The Mark 6 was adopted by the Ford World Rally Championship Team, replacing the Ford Focus. Developed by Ford Europe and M-Sport the Fiesta RS WRC was created, winning 6 rounds of the WRC in 2011 and 2012. From 2017 this was replaced by the Ford Fiesta WRC which won the championship in 2017 and 2018. The Fiesta was used in the top flight of rallying until the regulation change in 2022 where the new hybrid era started and the Ford Puma was used instead of the Fiesta. The 2 championships might be the biggest achievements for the car but it has won plenty of silverware in the lower classes.

The Mark 6 has also been used in other areas of motorsport from rallycross to circuit racing, as the rallycross championship was growing the Fiesta was a mainstay in the paddock, winning many rounds and championships in the lower class. The Fiesta also competes in many classes of circuit racing and even its own championship as it’s quick and nimble with parts being relatively cheap to find and replace.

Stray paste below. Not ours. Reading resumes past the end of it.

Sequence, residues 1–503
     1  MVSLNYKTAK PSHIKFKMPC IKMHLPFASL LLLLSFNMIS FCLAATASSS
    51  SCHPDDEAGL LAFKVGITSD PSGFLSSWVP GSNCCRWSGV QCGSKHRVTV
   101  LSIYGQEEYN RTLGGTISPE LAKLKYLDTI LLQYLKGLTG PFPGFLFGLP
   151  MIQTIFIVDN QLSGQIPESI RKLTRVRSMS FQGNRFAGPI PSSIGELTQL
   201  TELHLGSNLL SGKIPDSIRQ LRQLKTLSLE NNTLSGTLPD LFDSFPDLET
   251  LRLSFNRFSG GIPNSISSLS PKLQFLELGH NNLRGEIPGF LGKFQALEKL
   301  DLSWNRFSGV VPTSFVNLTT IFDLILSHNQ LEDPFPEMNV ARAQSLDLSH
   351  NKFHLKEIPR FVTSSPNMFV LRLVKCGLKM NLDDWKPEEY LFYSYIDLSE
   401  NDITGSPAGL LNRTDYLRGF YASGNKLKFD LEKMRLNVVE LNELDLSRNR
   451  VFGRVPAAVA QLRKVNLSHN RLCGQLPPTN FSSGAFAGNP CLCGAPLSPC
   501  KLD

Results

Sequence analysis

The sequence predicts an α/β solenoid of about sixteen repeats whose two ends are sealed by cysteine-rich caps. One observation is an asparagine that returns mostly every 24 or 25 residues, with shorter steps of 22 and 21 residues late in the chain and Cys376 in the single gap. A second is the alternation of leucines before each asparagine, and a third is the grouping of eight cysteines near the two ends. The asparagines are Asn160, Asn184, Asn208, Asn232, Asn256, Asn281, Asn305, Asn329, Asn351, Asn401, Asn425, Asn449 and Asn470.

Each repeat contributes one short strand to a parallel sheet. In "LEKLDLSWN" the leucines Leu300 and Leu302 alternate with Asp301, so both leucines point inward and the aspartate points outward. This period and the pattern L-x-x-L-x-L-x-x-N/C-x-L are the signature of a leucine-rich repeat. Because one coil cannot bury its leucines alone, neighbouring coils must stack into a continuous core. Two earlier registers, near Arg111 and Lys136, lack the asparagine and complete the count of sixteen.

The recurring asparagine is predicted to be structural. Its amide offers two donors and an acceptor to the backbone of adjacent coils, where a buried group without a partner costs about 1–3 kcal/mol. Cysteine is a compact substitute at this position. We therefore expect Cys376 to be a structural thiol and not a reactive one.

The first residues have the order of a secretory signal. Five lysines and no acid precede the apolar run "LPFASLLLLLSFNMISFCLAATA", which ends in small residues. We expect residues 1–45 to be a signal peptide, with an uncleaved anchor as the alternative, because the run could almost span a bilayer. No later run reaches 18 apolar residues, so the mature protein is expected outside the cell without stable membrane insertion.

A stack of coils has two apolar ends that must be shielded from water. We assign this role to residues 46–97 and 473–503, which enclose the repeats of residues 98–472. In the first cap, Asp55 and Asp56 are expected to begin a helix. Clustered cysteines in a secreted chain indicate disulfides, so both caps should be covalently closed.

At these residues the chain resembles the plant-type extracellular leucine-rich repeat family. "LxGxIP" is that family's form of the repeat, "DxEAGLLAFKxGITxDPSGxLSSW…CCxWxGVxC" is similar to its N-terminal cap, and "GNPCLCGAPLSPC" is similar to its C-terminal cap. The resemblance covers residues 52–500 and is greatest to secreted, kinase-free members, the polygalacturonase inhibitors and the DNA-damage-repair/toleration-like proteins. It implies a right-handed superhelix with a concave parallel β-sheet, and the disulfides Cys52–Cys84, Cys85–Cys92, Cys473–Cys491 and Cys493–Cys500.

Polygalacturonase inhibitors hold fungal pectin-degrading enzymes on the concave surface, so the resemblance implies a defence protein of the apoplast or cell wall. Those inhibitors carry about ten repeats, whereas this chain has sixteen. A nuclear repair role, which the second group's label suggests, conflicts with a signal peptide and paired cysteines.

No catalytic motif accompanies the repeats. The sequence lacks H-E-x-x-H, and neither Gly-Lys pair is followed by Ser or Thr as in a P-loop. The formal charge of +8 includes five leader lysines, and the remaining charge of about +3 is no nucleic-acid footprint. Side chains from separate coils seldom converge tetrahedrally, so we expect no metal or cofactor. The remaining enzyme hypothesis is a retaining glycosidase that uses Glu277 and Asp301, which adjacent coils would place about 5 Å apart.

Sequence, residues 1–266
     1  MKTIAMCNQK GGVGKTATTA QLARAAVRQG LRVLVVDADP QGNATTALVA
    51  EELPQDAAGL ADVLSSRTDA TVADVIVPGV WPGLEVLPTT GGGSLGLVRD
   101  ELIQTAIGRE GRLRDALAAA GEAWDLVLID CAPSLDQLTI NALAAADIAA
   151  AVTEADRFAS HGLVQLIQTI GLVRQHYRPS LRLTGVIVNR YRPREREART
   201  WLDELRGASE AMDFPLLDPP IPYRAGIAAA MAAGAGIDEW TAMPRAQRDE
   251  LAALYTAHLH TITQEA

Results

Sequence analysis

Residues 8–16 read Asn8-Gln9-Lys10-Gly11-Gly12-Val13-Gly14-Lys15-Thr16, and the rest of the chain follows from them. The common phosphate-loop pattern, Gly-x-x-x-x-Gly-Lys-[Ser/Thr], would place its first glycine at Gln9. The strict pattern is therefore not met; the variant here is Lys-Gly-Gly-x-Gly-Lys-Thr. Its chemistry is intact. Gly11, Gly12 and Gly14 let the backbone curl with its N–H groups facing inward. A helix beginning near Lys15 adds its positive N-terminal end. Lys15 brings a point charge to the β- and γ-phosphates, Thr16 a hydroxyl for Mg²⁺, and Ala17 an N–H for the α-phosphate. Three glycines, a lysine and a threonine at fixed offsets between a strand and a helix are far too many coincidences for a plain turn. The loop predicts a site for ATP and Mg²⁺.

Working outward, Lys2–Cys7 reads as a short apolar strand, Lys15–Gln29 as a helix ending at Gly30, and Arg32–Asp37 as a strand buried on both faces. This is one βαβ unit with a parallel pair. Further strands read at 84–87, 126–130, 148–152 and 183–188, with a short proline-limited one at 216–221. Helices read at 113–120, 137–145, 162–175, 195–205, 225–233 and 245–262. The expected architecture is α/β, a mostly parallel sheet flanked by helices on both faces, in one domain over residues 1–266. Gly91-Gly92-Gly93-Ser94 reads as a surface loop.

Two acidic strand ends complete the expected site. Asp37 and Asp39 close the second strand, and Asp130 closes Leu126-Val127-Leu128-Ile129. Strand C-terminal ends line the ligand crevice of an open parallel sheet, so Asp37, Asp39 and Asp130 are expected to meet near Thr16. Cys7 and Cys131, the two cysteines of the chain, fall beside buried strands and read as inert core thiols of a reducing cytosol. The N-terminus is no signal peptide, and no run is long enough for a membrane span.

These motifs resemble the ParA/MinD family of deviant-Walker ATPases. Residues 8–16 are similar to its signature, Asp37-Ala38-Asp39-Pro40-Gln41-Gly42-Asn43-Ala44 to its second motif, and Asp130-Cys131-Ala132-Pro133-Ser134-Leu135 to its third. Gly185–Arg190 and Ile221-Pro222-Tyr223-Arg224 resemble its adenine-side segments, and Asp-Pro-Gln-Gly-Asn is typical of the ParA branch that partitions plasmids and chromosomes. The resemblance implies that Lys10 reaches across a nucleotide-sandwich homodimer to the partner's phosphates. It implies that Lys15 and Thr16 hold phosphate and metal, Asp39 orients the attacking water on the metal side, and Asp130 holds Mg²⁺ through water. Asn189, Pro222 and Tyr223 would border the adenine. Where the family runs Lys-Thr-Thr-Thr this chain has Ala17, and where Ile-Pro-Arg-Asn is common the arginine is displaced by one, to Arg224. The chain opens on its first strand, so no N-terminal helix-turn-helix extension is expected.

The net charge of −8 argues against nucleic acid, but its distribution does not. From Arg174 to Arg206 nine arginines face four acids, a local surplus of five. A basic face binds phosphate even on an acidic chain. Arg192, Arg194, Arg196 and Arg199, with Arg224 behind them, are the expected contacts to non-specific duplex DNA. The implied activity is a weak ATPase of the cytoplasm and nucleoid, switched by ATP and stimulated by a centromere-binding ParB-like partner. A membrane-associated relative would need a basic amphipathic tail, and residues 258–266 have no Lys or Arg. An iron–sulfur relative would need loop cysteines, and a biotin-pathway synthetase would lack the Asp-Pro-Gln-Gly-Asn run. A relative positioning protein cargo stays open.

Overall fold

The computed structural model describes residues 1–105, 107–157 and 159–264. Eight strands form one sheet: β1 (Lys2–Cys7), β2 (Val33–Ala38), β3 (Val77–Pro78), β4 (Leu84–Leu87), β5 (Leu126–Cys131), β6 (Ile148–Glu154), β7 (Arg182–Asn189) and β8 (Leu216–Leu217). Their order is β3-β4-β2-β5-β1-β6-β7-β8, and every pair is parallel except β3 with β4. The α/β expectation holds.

Alongside the motorsport pedigree the Mark 6 Fiesta became the go-to car for many young drivers, no doubt helped by Ken Block who used the car in various iterations of his Gymkhana series, like jumping the car through the streets of San Francisco in Gymkhana 5. The Fiesta is a car which looks good but allows for modifications. Many outlets including us at Demon Tweeks understood this demand and promoted this desire for modification, which permeated all areas of car culture. You couldn’t go anywhere without seeing a Fiesta in some form.

Mark 7

Announced in 2016 and released in 2017 the Mark 7 is now the final generation of this long standing car. It was touted as a car for everyone, with various models on offer like a hybrid engine option for those looking to be extra economical. Trim levels also took this into account, a softer Trend line acted as the entry level model, and the ST which has more aggressive styling elements and new wheels. These elements make it stand out from the rest. 

Even though this is the last of the breed, Ford did not take their foot off the gas when it came to making a quality hot hatch. The Mark 7 has been heralded as one of the greats in the hot hatch world, alongside the Hyundai i20N and Polo GTI.